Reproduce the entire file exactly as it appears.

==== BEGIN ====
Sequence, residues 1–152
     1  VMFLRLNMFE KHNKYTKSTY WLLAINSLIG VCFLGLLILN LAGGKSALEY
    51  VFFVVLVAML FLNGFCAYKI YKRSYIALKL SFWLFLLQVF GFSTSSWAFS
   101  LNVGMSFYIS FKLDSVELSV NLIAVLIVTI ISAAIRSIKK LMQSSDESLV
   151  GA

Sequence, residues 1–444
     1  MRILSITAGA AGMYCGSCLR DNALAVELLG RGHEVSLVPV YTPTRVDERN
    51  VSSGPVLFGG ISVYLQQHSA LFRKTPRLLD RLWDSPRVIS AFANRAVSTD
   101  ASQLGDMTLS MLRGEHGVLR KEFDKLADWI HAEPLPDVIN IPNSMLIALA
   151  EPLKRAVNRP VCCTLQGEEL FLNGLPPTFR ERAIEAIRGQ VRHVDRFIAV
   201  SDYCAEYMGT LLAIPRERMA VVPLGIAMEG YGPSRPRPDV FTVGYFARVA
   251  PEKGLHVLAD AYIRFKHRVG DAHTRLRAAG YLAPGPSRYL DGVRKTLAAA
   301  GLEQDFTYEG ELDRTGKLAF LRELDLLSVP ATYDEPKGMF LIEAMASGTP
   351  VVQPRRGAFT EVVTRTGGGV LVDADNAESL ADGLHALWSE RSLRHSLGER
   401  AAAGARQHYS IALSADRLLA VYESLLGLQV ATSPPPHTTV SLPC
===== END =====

Sequence, residues 1–152
     1  VMFLRLNMFE KHNKYTKSTY WLLAINSLIG VCFLGLLILN LAGGKSALEY
    51  VFFVVLVAML FLNGFCAYKI YKRSYIALKL SFWLFLLQVF GFSTSSWAFS
   101  LNVGMSFYIS FKLDSVELSV NLIAVLIVTI ISAAIRSIKK LMQSSDESLV
   151  GA

Sequence, residues 1–444
     1  MRILSITAGA AGMYCGSCLR DNALAVELLG RGHEVSLVPV YTPTRVDERN
    51  VSSGPVLFGG ISVYLQQHSA LFRKTPRLLD RLWDSPRVIS AFANRAVSTD
   101  ASQLGDMTLS MLRGEHGVLR KEFDKLADWI HAEPLPDVIN IPNSMLIALA
   151  EPLKRAVNRP VCCTLQGEEL FLNGLPPTFR ERAIEAIRGQ VRHVDRFIAV
   201  SDYCAEYMGT LLAIPRERMA VVPLGIAMEG YGPSRPRPDV FTVGYFARVA
   251  PEKGLHVLAD AYIRFKHRVG DAHTRLRAAG YLAPGPSRYL DGVRKTLAAA
   301  GLEQDFTYEG ELDRTGKLAF LRELDLLSVP ATYDEPKGMF LIEAMASGTP
   351  VVQPRRGAFT EVVTRTGGGV LVDADNAESL ADGLHALWSE RSLRHSLGER
   401  AAAGARQHYS IALSADRLLA VYESLLGLQV ATSPPPHTTV SLPC